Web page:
WEST HOLLYWOOD — The ONE Archives Foundation exhibit “It’s Not Over” spotlights voices of AIDS activists and community organizers from the mid 1980s to the late 1990s in a collection of posters and other ephemera.
“It’s Not Over” also showcases the longtime struggle against HIV discrimination.
‘It’s Not Over’
The exhibit items were selected from the vast collection of LGBTQ material at the ONE Archives at the USC Libraries, which also is know as the ONE National Gay and Lesbian Archives.
“Political graphics from early AIDS activism exemplify boldness, resilience, and compassion,” Umi Hsu, a co-curator of the exhibit and director of content at the ONE Archives Foundation, said in a statement. “Each poster is a provocation. Each flyer is a story. Each picket sign is an embodiment of how people came together to fight for dignity and justice.”
The pop-up exhibit will open Tuesday to coincide with World AIDS Day and close December 31. It will be on display at 8954 Santa Monica Boulevard in West Hollywood.
Information about the exhibit also will be on view along San Vicente Boulevard, between Santa Monica Boulevard and Melrose Avenue.
A digital version of the exhibit also will be online Tuesday.
HIV pandemic is not over
World AIDS Day was first observed by the World Health Organization in 1988.
In the style of Yoko Ono and John Lennon’s protest art messaging, “War Is Over! (If You Want It),” this public art exhibit reminds audiences that the HIV-AIDS epidemic is not over, according to the exhibit description.
Almost 40 million people around the world live with HIV, whichdisproportionately affects the Black community, according to a July 2020 data from UNAIDS.
For example, 42% of new HIV cases in the United States have occurred within the Black community, which only makes up 13% of the national population, according to 2018 data from the Centers for Disease Control and Prevention.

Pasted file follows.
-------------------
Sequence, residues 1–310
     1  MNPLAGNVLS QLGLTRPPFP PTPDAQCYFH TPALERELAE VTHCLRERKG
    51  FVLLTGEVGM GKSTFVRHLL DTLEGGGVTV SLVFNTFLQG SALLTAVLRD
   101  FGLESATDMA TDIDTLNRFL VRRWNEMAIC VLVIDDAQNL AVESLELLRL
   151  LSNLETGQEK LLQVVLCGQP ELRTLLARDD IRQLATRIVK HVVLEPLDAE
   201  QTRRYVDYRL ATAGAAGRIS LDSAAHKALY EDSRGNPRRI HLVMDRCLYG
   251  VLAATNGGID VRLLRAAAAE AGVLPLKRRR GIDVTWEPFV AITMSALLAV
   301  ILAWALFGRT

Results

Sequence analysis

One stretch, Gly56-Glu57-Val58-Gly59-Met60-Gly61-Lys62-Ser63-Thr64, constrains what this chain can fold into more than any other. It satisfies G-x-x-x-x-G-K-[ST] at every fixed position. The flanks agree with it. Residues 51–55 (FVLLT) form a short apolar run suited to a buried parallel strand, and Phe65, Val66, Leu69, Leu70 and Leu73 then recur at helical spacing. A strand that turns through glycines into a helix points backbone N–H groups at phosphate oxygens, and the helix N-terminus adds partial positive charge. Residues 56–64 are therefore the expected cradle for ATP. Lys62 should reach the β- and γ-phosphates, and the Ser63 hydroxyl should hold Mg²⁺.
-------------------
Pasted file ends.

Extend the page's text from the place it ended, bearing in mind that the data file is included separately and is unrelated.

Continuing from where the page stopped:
The exhibit’s 29 images include pamphlet graphics by Keith Haring, picket signs from historic protests in Los Angeles and New York, flyers for the first ACT UP-LA meeting in 1987 and Gay Men of African Descent, safer sex campaign posters featuring men and women of color, World AIDS Day and Day Without Art posters.
With messages such as “HIV Discrimination Kills,” “It’s Not Over” recalls the early periods of organizing and resistance that also serve to galvanize contemporary audiences, according to the exhibit description.
“ ‘It’s Not Over’ literally reminds us that HIV and AIDS are still very much with us,” said Neal Baer, a board member with the ONE Archives Foundation. “The difference between 30 years ago and now? We can treat and prevent HIV and yet too many individuals are still thwarted by stigma and lack of access to treatment. These posters beckon us to fight for health care for all.”
ONE Archives Foundation
The ONE Archives Foundation also organized an HIV exhibit in 2018.
“Lost & Found: Safer Sex Activism” spotlighted 30 years of safer-sex and harm-reduction activism in the fight against HIV and AIDS. It showed how activists, during the 1980s and 1990s when the AIDS epidemic reached crisis proportions, attempted to educate the public about the disease and to break the perceptions that demonized gay men and intravenous drug users and blamed them for AIDS.
Founded in 1952, the ONE Archives Foundation is the oldest active LGBTQ organization in the United States, and is dedicated to telling stories and history of all LGBTQ people and their culture.
ONE Archives Foundation promotes the ONE Archives at the USC Libraries — the largest repository of LGBTQ materials in the world — and provides free innovative educational initiatives, public exhibitions and community programs.